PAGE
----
International Journal of Mineral Processing, Vol.96, No.1-4, 36-44, 2010
A new technique for characterizing aerated flocs in a flocculation-microbubble flotation system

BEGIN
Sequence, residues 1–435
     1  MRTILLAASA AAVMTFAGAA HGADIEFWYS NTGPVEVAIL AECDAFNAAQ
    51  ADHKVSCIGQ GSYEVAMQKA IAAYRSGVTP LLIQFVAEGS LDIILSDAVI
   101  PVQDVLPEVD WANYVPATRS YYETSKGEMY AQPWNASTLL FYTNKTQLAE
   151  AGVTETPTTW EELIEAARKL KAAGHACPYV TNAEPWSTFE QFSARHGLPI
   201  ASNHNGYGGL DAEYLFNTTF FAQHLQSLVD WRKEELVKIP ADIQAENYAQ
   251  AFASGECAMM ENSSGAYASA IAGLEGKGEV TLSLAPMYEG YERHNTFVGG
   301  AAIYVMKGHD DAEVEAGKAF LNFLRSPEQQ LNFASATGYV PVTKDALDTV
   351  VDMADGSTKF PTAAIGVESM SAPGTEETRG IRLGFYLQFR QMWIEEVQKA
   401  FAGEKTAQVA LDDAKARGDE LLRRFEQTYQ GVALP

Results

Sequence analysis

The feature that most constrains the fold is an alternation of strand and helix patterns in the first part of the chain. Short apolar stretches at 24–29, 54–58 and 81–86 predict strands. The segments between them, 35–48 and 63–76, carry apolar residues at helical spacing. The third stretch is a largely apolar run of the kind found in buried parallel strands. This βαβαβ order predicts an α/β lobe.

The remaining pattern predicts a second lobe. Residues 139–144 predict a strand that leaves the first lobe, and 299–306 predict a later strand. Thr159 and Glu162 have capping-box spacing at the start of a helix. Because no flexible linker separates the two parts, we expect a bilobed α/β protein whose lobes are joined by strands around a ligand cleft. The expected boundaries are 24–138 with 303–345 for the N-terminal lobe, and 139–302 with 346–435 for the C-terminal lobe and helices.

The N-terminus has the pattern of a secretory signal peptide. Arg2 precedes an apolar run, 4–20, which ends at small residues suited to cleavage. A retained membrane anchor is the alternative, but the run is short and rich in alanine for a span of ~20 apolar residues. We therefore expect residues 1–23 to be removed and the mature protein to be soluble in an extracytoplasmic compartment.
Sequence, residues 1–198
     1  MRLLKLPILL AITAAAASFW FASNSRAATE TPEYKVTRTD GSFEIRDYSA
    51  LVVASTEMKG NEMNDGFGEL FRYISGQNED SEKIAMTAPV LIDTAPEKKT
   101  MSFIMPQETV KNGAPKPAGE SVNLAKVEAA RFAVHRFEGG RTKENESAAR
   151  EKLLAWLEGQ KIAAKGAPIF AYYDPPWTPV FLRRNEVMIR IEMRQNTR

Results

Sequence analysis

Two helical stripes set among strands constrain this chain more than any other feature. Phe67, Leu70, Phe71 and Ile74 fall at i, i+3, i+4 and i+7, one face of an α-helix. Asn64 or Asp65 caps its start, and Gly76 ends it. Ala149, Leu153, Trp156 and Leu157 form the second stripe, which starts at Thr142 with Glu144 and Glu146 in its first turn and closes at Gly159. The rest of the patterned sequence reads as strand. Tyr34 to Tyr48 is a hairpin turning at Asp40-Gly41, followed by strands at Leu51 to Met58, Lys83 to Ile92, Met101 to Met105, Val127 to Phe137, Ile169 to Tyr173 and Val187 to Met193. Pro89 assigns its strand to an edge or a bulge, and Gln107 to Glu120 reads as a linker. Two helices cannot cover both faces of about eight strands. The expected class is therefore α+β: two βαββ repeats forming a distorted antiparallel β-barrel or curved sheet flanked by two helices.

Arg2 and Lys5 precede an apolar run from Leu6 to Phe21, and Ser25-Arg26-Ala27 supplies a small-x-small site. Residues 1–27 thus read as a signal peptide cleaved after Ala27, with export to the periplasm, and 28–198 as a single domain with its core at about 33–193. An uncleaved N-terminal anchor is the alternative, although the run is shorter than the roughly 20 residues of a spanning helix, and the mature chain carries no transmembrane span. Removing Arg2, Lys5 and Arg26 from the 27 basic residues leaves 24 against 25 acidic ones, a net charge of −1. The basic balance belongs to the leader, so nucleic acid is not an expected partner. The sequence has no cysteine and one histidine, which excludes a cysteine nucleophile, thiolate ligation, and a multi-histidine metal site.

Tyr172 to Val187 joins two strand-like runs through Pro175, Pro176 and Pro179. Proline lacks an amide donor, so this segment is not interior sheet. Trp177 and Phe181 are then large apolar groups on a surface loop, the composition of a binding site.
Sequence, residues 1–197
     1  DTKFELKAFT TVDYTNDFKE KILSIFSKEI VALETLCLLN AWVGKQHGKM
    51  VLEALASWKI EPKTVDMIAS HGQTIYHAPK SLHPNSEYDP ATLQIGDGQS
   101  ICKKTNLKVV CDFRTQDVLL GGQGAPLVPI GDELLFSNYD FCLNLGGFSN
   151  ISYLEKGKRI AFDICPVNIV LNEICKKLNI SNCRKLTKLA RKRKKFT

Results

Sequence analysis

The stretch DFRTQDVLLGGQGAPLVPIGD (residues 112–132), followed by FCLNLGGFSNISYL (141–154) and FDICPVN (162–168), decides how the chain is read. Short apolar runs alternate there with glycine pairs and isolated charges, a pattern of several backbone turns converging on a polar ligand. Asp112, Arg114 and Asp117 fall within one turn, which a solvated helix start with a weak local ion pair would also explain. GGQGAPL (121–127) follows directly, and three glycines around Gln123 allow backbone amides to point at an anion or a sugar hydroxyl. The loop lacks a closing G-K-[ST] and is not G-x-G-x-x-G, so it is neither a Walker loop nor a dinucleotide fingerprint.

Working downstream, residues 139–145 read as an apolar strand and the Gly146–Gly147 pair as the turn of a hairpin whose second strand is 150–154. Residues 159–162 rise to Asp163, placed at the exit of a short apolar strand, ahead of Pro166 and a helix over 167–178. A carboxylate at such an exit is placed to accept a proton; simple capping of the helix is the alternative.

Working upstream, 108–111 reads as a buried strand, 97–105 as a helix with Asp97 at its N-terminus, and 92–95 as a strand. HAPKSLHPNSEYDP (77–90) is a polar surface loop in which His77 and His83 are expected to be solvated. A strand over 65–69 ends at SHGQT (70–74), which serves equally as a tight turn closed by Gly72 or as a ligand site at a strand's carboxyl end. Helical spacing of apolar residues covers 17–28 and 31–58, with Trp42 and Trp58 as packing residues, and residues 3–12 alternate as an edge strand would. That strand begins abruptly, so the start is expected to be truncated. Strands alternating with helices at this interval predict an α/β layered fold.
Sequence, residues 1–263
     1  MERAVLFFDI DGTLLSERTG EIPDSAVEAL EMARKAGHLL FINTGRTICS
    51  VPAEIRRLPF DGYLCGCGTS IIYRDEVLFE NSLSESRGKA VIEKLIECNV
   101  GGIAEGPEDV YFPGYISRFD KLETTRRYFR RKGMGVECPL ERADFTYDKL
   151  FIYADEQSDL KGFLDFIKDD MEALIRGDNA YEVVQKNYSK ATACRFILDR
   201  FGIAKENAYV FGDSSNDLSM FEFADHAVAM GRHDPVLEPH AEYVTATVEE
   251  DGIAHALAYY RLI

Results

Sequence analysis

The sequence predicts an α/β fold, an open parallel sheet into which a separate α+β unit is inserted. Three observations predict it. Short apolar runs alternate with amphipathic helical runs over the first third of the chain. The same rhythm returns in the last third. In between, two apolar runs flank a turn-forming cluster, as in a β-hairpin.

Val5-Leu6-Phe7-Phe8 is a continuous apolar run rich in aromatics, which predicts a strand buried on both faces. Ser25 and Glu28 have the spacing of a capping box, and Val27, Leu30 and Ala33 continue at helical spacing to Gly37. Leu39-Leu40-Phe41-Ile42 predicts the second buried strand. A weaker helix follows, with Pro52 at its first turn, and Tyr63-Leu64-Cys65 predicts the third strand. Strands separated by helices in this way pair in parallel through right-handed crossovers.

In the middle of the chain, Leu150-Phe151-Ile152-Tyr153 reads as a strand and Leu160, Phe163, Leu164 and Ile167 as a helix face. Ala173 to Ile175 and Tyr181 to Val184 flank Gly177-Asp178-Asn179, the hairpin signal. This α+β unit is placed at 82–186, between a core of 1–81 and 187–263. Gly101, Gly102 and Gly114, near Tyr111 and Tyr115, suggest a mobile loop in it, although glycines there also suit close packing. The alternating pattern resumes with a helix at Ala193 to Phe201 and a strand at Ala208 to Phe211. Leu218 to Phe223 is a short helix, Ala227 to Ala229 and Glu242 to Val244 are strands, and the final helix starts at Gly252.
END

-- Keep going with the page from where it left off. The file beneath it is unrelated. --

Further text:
A technique named Aerated Flocs Characterization (AFC) was developed and validated to characterize multiphase systems that are formed in flocculation-flotation (with microbubbles) systems at laboratory scale. Synthetic polyacrylamides were used to flocculate dispersed particles models of kaolin, activated carbon and iron hydroxide colloidal precipitate, Fe(OH)(3). Aggregation and solid/liquid separations were conducted in a dissolved air flotation (DAF) apparatus, which consisted of a flotation cell connected by a release needle valve to a pressure vessel, employed for water saturation at 4 atm and microbubbles formation. The aerated flocs exhibited very rapid rising rates (>60 mh(-1)) as a result of bubbles adhesion, bubble surface nucleation and bubbles growing and entrapped inside the flocs. All these conformations may adhere or lead to the formation of very light (low density) flocs. The number of bubbles attached or entrapped inside the flocs determines the aeration degree in the so-called aeroflocs, property which depends, among others, on solids type (hydrophobicity): this being very noticeable when compared to activated carbon particles with the less hydrophobic model suspensions. The size distribution, up-rising rates, shape factor, fractal dimension and density of the flocs were determined using this image analysis technique. In addition, the bubble positioning, floc structure and bubble size were monitored. The AFC technique was found to be very reliable showing high statistical reproducibility and appears to have a good potential to characterize particles, aerated flocs and bubbles. (C) 2010 Elsevier B.V. All rights reserved.